Luke Alfred, award-winning sports journalist

Award-winning sports journalist Luke Alfred injects colour into his writing with his ability to unearth interesting insights about his subjects and their world.

Remember the shocking match-fixing allegations against the late Hansie Cronje almost two decades ago? Luke Alfred was one of the journalists who investigated the story.

“Thinking about match fixing was almost taboo then,” Alfred recalls. “It wasn’t something we automatically went to as an explanation.”

Nevertheless, Alfred realized he probably had “quite a hot property” on his hands and used the heated material he unearthed to pen his first book, Lifting the Covers: Inside South African Cricket.

It seems Alfred has a penchant for smoke and fire, because he broke the Gerald Majola bonus scandal story in 2011 and added more fuel to the fire in the exposure of Haroon Lorgat six years later.

During his career, Alfred has interviewed the likes of Jonty Rhodes and Graeme Smith, rugby veteran Victor Matfield and the current coach of the Australian cricket team, Justin Langer.

His sixth book, Vuvuzela Dawn: 25 Sports Stories that Shaped a New Nation, serves up a smorgasbord of stories – from Benni McCarthy poking a soccer ball through Peter Schmeichel’s legs to Caster Semenya soaring to Olympic gold in the 800 metres.

Saul Kamionsky tracked down this well-versed wordsmith and took notes on his recipe for success.

Q: When writing for a newspaper, how do you decide what to write about?

A: Newspapers are to some extent predicated on fear.

If you work for newspaper A, you are habitually watching what newspaper B is printing to see if there is a story you should follow up or add to.

I’ve worked for mainly weekend newspapers in my career and the rhythm of a weekend newspaper is interesting because you observe what happens through the week with the view that you don’t want to do anything too early for fear that it would be irrelevant by the weekend.

And as you get experience, you begin to understand what stories will hold in a newspaper on a weekend.

Q: How is writing a book different to a magazine or newspaper article?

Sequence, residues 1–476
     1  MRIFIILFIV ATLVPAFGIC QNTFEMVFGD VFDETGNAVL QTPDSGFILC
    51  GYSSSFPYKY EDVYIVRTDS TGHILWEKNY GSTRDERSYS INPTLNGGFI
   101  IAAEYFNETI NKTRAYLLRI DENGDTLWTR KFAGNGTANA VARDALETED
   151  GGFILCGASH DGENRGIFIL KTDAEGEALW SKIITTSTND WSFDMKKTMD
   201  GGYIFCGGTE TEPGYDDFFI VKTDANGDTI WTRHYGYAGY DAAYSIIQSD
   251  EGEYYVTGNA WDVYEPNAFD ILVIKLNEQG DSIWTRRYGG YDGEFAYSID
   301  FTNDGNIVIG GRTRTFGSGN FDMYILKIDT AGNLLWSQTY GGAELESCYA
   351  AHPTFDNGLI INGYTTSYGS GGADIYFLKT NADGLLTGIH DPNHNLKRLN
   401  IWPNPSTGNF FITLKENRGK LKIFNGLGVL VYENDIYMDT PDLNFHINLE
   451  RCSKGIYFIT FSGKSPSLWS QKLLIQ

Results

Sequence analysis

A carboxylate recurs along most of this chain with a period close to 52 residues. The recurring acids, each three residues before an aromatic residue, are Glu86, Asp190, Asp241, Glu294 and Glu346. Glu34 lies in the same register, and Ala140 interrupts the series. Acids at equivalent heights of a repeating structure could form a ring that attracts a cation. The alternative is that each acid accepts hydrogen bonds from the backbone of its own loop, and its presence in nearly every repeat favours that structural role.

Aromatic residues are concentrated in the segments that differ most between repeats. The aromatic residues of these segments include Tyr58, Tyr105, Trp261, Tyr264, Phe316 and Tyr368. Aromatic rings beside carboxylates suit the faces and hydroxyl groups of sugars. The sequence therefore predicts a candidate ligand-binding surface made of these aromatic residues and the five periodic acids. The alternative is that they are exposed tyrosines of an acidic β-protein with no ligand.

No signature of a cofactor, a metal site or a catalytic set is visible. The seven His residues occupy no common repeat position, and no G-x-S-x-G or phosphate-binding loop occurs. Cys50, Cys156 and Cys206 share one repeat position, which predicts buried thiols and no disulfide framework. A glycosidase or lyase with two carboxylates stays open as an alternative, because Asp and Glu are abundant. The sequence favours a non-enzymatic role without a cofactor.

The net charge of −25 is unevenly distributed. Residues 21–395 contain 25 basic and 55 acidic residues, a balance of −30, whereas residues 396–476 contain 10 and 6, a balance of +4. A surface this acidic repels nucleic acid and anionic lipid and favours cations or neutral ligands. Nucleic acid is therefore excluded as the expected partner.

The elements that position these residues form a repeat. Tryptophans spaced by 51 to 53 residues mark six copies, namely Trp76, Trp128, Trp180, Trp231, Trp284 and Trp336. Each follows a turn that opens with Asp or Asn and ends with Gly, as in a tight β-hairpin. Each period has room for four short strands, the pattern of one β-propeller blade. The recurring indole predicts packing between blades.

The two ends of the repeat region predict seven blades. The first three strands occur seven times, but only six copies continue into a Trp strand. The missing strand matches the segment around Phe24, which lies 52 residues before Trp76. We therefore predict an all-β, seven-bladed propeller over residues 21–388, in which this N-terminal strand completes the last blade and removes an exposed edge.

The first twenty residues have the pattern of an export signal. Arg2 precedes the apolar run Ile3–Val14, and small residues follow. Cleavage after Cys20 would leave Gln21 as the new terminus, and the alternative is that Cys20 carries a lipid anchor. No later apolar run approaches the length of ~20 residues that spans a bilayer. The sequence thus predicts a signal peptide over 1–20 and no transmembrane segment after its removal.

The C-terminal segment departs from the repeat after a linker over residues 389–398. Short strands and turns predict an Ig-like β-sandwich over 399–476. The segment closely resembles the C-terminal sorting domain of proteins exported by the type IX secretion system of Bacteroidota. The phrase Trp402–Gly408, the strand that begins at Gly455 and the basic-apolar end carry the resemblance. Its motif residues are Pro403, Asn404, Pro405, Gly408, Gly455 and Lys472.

A: The one crucial difference is perspective because often when you are on a daily beat, as a daily or weekly newspaper person, events are unfolding around you in a very dynamic way so you’re spending a lot of time reacting, I suppose.

It’s very difficult in the middle of a situation to kind of abstract yourself and get a helicopter view, as new material is breaking around you all the time. Whereas, when you are writing a book, you often know what the end of the story is before you’ve embarked on the project.

Q: What did your role encompass when you were a consultant for Cricket South Africa?

A: I wrote press releases, tried to provide strategic direction to the organization, edited and wrote for the CSA magazine. We were in the process of launching a CSA website.

I also wanted to start a cricket museum, which I thought was very important, but I got quite a lot of uphill from the CSA Board about that idea.

Q: What would your advice be to an aspirant writer?

A: Love the language, broaden your vocabulary and read as much as you can. Don’t be afraid to ask absurd questions, write a much as you can and try learning from people.

Try not to be too proud, don’t be proud enough not to learn, experiment and read other people.

Q: What is the most important writing tip you ever received?

A: As a writer, if you’ve lost yourself, you’ve lost the reader.

Ask yourself the question: ‘What am I trying to say here?’ And if you cannot adequately answer that inquiry, you have a problem.

Writing is really about control and confidence and even if you don’t feel confident, you must assume confidence – it’s almost as if you’ve got to take up a persona that’s suggestive of confidence.

Good writing might be difficult to define but we all know it when we see it. Good writing has a certain swing and music to it. It might be accurate and carefully controlled, but it should never be dull.

Don’t necessarily use overly complicated words either, be aware of jargon, use strong verbs and old-fashioned nouns with English roots.

Books by Luke Alfred

Lifting the Covers: Inside South African Cricket 

Testing Times: The Story of the Men Who Made SA Cricket 

The Art of Losing: Why the Proteas Choke at the Cricket World Cup 

When the Lions Came to Town: The 1974 rugby tour to South Africa 

Early One Sunday Morning I Decided to Step out and Find South Africa

Vuvuzela Dawn: 25 Sports Stories that Shaped a New Nation

About the Author

Saul Kamionsky is a sports journalist and an ardent sports follower with a particular love for football and cricket. His passion has taken him travelling overseas, notably to attend matches in England and India. When he is not watching sport or reading, you can find him refereeing soccer, umpiring cricket or running outdoors.

Saul Kamionsky is an alumnus of the Freelance Journalism for Magazines and Webzines Course at SA Writers College.